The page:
This story is funnier than that one. My neice loves to write stories songs and poems. My niece loves to write stories, songs, and poems. Language Skills

12 Day 5 Daily Fix It Losing the golden touch filled he with releif.
Language Skills Day 5 Daily Fix It Losing the golden touch filled he with releif. Losing the golden touch filled him with relief. “Look Father the roses are back! They are not hard and ugile.” Look, Father the roses are back! They are not hard and ugly.”

13 Language Skills

14 Language Skills

15 Language Skills

16 Language Skills

17 Spelling Strategy Problem Parts
Language Skills Spelling Strategy Problem Parts Point out that we all have words that are hard for us to spell. One way to learn how to spell these words is to focus on the problem parts of each word.

18 Language Skills

19 Language Skills

20 Language Skills

21 Language Skills

22 Language Skills

23 Language Skills

24 Language Skills Writing Prompt Write a humorous poem about a person or animal. For example, you might write about a person who can always make you laugh. Use sound effects, images, and figurative language to create a lighthearted mood.

25 Editing/Revising Checklist
Language Skills Editing/Revising Checklist Have I used lively and interesting similes, metaphors, and personification. Have I used commas to make my ideas clear? Have I spelled words with ei and ie correctly?

26 Activate Prior Knowledge
Explain something about nature Spread by word of mouth Myths Supernatural characters and events

27 Compare and Contrast Advantages Disadvantages
Writers sometimes use comparison and contrast to organize their writing. Clue words such as same, also, before, although, and however signal comparisons and contrasts. Good readers notice the author’s comparisons and contrasts and make their own as they read. Advantages Disadvantages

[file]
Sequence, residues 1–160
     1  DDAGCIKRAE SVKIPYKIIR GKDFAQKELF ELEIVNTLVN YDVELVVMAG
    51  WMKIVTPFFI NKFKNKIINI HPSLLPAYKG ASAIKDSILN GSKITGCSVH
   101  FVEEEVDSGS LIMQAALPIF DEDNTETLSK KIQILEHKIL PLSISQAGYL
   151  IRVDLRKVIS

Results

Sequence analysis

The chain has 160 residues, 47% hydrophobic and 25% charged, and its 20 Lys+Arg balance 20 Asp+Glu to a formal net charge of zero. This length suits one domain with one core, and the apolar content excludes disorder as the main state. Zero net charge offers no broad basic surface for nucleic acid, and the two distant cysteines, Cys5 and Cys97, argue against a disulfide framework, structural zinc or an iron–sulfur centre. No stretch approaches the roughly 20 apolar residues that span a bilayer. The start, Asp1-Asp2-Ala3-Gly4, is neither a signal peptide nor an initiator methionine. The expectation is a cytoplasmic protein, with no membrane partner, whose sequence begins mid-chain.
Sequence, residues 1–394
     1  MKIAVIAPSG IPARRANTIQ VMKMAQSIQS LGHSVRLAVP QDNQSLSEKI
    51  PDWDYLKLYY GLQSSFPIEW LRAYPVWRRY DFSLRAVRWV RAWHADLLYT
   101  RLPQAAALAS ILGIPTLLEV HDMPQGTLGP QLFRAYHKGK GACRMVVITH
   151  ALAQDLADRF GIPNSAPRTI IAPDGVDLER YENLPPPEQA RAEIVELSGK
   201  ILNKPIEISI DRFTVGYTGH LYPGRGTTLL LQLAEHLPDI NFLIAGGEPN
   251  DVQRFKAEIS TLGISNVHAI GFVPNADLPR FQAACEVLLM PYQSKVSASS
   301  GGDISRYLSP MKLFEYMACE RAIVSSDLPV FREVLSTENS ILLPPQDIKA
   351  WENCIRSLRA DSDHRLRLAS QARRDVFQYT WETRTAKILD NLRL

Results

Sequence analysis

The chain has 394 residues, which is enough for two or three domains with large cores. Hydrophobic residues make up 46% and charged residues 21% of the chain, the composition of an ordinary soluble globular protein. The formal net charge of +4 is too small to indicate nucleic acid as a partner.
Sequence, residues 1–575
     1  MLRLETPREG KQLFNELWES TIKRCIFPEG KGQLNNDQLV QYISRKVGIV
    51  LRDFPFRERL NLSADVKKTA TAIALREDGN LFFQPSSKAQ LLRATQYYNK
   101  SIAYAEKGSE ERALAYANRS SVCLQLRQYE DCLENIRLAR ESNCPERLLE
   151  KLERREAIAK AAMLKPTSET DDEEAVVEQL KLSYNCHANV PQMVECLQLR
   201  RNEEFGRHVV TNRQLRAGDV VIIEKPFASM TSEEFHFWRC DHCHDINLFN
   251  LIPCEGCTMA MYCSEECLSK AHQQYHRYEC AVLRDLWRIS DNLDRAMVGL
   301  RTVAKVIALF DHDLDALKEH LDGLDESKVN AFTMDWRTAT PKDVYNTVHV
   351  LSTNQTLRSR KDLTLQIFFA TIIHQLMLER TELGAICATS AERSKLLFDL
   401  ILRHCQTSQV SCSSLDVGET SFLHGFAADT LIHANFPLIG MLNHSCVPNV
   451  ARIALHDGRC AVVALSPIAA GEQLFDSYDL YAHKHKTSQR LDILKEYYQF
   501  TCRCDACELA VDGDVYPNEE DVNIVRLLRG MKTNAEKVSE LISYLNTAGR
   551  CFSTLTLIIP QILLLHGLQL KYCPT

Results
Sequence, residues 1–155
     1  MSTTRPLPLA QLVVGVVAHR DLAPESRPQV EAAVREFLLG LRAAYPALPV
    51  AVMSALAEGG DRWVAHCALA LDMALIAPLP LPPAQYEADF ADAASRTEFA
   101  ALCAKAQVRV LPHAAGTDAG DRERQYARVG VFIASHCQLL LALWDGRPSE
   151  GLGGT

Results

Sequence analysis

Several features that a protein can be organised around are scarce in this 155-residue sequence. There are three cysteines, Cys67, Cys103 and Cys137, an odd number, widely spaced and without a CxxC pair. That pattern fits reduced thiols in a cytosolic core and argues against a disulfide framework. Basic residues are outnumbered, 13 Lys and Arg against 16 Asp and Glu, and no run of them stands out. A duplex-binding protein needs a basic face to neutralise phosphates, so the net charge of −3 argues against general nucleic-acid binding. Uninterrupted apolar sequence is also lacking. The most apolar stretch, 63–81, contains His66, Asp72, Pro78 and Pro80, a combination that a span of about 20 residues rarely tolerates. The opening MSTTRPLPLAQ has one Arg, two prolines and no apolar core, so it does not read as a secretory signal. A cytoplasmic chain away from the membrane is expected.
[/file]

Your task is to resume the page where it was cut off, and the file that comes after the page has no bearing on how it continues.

28 Answer Questions Good readers know where to find the answers to questions about what they read. To answer questions about what they read. To answer questions about comparisons and contrasts, look for clue words and use your prior knowledge. You may find an answer in just one sentence. Other times you will find it in several different places.


30 Write Read “Lucky Winners?” List the advantages and disadvantage of winning the lottery in a graphic organizer like the one above. Use your graphic organizer to help you describe how you might feel if you won the lottery.




34 Introduce Lesson Vocabulary
Vocabulary List Adorn Lifeless Realm Cleanse Precious Spoonful Introduce Lesson Vocabulary Which vocabulary words go with the following clues? Which word describes something you might do to your home for a holiday celebration? Which word is an antonym for lively? Which word describes an amount of medicine you might take?

35 Adorn To add beauty to; put ornaments on; decorate

36 Cleanse To make clean

37 Lifeless Without life

38 Precious Having great value; worth much

39 Realm Kingdom

40 Spoonful As much as a spoon can hold